“With over 20 years of experience providing reentry services in Northeast Florida, we at Operation New Hope know how the population we serve struggles with food insecurity,” said Kevin T. Gay, Founder and CEO of Operation New Hope. “And since poverty and financial hardship for the formerly incarcerated are main drivers of recidivism, we are in support of any effort to help alleviate immediate financial hardship. We support The Closing the Meal Gap Act as a measure that would address our clients’ financial concerns related to the rising cost of food in America.”
The Closing the Meal Gap Act of 2021 will:
- Increase the baseline for SNAP benefits by approximately 30 percent by using the Low-Cost Food Plan as the basis for the calculating the SNAP formula, to better take into account how much working people spend on food.
- Eliminate eligibility limits & unrealistic barriers by:
- Permanently authorizing the standard medical deduction in every state for seniors and disabled individuals applying for SNAP benefits at a minimum of $140. Individuals with high expenses could continue to apply for a higher, itemized medical deduction.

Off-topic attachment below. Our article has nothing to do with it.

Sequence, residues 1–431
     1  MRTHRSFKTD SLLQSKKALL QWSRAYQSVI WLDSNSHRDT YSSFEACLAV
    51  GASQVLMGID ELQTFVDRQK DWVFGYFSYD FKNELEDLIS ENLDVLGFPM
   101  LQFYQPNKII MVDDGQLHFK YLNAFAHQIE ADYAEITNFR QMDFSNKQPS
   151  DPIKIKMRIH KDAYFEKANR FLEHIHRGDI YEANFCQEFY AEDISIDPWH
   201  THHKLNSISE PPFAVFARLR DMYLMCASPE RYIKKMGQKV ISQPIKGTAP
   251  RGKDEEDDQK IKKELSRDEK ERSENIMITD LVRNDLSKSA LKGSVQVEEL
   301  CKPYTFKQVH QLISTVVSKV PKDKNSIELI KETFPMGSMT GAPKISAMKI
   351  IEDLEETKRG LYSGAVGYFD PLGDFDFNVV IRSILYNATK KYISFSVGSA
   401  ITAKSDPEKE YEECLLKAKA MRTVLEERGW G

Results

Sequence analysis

- Eliminating the cap on the Excess Shelter Deduction in the SNAP formula for all households to take into account the cost of living for SNAP recipients in areas with high rent and utilities.
- Eliminating Time-Limits on Benefits for Americans.
- Expand benefits for territories, ending discrimination against those who live and work in U.S. territories by creating a path to transition them to SNAP and treating them as if they were states.
Congresswoman Jahana Hayes sits on the Committees on Education & Labor and Agriculture and proudly represents Connecticut’s 5th District. She was a public school teacher in Connecticut for more than 15 years and was recognized in 2016 as the National Teacher of the Year.